Nucleosynthesis yields of core-collapse supernovae and hypernovae, and galactic chemical evolution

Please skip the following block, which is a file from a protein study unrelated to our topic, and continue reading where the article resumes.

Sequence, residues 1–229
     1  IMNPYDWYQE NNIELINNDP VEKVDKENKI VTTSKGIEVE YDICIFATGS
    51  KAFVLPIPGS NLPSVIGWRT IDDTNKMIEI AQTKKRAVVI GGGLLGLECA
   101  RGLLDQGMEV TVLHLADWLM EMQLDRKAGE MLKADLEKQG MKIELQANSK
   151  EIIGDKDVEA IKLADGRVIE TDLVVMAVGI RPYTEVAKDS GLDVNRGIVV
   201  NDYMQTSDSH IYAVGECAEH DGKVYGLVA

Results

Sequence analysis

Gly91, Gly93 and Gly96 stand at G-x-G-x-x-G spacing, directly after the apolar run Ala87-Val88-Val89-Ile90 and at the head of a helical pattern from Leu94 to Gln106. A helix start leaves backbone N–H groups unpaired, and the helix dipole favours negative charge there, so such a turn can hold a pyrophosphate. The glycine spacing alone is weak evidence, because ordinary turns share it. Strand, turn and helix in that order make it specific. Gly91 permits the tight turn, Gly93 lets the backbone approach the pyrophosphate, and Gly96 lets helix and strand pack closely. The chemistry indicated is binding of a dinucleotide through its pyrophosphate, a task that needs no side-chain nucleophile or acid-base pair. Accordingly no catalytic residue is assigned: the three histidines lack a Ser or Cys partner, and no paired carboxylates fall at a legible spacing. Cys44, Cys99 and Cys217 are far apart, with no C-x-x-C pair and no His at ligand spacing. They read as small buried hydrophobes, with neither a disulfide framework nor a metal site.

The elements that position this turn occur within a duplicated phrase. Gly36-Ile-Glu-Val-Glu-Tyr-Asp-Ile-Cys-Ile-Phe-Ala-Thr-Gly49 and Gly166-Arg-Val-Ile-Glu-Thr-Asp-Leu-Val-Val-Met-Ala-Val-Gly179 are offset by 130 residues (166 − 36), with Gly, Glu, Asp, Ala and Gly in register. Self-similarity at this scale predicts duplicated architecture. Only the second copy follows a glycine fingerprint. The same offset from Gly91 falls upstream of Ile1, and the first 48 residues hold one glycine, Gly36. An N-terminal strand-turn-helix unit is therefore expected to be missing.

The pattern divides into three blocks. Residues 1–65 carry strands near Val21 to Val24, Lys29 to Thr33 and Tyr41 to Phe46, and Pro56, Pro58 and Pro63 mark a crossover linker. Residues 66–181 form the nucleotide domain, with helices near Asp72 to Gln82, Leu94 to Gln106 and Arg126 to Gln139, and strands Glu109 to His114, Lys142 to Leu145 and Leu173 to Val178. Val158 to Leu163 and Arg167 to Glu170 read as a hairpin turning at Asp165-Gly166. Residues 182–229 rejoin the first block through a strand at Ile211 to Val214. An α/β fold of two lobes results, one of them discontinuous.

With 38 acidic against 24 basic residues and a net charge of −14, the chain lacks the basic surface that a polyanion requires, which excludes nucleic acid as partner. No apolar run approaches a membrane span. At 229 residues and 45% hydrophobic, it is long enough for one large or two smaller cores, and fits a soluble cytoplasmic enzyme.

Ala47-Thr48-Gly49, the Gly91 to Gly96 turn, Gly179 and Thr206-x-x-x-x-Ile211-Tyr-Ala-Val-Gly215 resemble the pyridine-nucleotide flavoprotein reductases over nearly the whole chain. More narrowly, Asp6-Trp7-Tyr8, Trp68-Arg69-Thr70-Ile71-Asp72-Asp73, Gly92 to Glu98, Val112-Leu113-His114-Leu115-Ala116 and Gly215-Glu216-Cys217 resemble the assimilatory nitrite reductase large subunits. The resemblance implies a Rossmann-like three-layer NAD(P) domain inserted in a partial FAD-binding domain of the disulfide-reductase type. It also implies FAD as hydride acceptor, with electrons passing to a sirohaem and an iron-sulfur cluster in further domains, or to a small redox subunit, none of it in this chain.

We present new nucleosynthesis yields as functions of the stellar mass, metallicity, and explosion energy (corresponding to normal supernovae and hypernovae). We apply the results to the chemical evolution of the solar neighborhood. Our new yields are based on the new developments in the observational/theoretical studies of supernovae (SNe) and extremely metal-poor (EMP) stars in the halo, which have provided excellent opportunities to test the explosion models and their nucleosynthesis. We use the light curve and spectra fitting of individual SN to estimate the mass of the progenitor, explosion energy, and produced Ni-56 mass. Comparison with the abundance patterns of EMP stars has made it possible to determine the model parameters of core-collapse SNe, such as mixing-fallback parameters. More specifically, we take into account the two distinct new classes of massive SNe: (1) very energetic hypernovae, whose kinetic energy (KE) is more than 10 times the KE of normal core-collapse SNe, and (2) very faint and low energy SNe (faint SNe). These two new classes of SNe are likely to be "black-hole-forming" SNe with rotating or non-rotating black holes. Nucleosynthesis in hypernovae is characterized by larger abundance ratios (Zn, Co. V, Ti)/Fe and smaller (Mn, Cr)/Fe than normal SNe, which can explain the observed trends of these ratios in EMP stars. Nucleosynthesis in faint SNe is characterized by a large amount of fall-back, which explains the abundance pattern of the most Fe-poor stars. These comparisons suggest that black-hole-forming SNe made important contributions to the early galactic (and cosmic) chemical evolution. (c) 2006 Elsevier B.V. All rights reserved.